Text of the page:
Examination of Witnesses (Questions 33-39)|
Assistant Commissioner David Veness and Chief Constable
27 OCTOBER 2004
Q33Chairman: Good morning gentlemen. It is always
a great pleasure to welcome old friends to the Committee. You
are very welcome, Mr Veness and Mr Tomkins. Before we start, could
you give us your full titles so that we have that on the record?
Mr Tomkins: I am Paddy Tomkins, Chief Constable
of Lothian and Borders Police, representing the Association of
Chief Police Officers in Scotland.
Q34Chairman: What is your role within ACPO?
Mr Tomkins: Today I am representing the Chief
Constables' Council. We are constituent members of the ACPO Standing
Committee on terrorism and allied matters.
Q35Chairman: You are responsible for that within
Mr Tomkins: Yes.
Q36Chairman: You do not have another title within
Mr Tomkins: No, we do not have a separate or
parallel structure for terrorism and allied matters. We are members
of ACPO in that regard.
Q37Chairman: That clarifies a question we had.
Mr Veness: I am David Veness. I have effectively
three roles that are probably of relevance. I am the Secretary
of the Association of Chief Police Officers, ACPO, Terrorism and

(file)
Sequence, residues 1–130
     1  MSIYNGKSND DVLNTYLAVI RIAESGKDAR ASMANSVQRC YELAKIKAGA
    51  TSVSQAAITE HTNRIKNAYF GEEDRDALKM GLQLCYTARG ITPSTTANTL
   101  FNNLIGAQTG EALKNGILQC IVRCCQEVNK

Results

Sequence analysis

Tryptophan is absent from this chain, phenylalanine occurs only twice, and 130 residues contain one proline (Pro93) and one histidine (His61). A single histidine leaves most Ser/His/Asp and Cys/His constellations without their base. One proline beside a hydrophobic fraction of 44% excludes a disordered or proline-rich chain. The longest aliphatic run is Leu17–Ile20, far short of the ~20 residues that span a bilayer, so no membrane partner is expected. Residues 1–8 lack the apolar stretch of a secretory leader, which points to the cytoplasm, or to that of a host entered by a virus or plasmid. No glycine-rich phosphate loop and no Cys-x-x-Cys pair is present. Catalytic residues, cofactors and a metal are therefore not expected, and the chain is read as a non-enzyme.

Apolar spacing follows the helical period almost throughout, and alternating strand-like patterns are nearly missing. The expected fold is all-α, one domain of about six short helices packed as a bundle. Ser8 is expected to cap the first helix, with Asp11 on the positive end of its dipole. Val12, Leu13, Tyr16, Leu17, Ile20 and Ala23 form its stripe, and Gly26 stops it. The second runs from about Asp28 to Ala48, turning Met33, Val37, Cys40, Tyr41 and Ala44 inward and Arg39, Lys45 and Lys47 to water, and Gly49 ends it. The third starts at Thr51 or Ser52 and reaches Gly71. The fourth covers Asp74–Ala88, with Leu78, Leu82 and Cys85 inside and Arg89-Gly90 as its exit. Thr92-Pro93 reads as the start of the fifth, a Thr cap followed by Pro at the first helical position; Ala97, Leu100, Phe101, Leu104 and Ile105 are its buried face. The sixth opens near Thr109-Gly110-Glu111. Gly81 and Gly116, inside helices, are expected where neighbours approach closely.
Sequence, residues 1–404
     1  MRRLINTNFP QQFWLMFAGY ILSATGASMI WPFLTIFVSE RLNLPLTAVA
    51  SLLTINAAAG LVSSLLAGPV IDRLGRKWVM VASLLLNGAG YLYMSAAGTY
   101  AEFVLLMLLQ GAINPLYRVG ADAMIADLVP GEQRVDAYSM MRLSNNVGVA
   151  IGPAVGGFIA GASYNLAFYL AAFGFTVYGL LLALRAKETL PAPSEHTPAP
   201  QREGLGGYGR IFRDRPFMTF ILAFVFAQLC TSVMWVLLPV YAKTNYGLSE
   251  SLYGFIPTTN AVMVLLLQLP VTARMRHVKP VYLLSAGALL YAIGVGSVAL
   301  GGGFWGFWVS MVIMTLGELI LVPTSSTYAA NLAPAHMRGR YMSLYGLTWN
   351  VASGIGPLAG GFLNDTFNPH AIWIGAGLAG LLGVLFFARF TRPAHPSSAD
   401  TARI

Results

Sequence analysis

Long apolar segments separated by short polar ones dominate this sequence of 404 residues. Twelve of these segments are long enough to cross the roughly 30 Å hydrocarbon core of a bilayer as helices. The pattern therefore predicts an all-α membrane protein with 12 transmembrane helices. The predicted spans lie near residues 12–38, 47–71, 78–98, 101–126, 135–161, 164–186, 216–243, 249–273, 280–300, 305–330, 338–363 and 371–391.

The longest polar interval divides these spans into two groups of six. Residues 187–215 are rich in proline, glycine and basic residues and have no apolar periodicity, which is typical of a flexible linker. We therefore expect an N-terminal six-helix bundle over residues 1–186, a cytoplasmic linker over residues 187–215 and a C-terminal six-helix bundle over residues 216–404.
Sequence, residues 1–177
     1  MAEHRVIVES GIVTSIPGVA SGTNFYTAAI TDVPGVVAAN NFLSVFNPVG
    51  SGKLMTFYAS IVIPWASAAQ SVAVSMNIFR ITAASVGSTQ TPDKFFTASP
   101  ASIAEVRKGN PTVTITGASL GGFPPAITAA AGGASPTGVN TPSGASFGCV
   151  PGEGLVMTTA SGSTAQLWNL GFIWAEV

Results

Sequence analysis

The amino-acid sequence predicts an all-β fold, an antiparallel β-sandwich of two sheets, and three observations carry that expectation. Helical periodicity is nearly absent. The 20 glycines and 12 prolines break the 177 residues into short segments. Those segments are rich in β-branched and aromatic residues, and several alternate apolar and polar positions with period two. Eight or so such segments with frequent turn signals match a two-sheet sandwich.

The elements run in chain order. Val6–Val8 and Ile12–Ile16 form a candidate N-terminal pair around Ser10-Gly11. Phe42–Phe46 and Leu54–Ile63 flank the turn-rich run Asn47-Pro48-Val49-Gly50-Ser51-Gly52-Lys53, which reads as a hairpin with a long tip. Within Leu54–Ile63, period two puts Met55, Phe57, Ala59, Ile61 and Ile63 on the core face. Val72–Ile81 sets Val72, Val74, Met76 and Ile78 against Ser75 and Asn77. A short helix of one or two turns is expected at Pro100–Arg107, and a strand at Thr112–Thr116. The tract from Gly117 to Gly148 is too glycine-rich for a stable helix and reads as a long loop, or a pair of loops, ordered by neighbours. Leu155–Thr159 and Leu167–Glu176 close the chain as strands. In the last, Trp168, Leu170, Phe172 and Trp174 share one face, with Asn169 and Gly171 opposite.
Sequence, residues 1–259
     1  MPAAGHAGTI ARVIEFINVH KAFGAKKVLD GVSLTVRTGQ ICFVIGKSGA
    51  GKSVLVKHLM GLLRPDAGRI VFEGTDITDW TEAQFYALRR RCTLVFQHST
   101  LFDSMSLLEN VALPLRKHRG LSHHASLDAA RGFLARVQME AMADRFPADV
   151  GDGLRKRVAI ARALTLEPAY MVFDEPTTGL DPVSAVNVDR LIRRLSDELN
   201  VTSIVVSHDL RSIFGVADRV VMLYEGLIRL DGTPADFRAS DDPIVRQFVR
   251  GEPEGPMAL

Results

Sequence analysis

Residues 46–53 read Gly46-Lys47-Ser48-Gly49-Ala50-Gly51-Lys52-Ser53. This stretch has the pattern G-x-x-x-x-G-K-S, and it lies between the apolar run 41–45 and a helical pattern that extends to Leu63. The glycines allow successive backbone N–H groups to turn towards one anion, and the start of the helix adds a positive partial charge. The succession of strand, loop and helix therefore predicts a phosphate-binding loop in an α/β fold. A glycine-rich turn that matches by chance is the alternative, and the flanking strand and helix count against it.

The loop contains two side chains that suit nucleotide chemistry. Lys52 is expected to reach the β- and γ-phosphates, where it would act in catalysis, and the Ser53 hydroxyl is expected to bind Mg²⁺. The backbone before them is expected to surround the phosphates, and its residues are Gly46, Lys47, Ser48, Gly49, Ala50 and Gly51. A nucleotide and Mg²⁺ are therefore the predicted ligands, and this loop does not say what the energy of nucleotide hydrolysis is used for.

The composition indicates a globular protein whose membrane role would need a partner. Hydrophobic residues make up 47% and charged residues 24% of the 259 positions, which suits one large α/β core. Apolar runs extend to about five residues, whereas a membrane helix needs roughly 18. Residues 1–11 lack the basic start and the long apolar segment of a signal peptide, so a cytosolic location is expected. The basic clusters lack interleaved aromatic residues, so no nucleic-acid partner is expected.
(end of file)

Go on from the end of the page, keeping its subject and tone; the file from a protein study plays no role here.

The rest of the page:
Allied Matters Committee, known as ACPO-TAM. Unusually within
British policing, that is a body that encompasses England and
Wales, Northern Ireland and Scotland, so we speak with one voice
on counter-terrorism. I am also the Chairman of the group known
as the ACPO Advisory Group, which acts as the operational co-ordination
mechanism dealing, as it were, with quick time issues and immediate
operational responses, and again that function is across the United
Kingdom. The third function of relevance is as Assistant Commissioner
Specialist Operations in Scotland Yard, because there are certain
functions of that command which historically have been attached
to it, particularly protection, security and anti-terrorism, because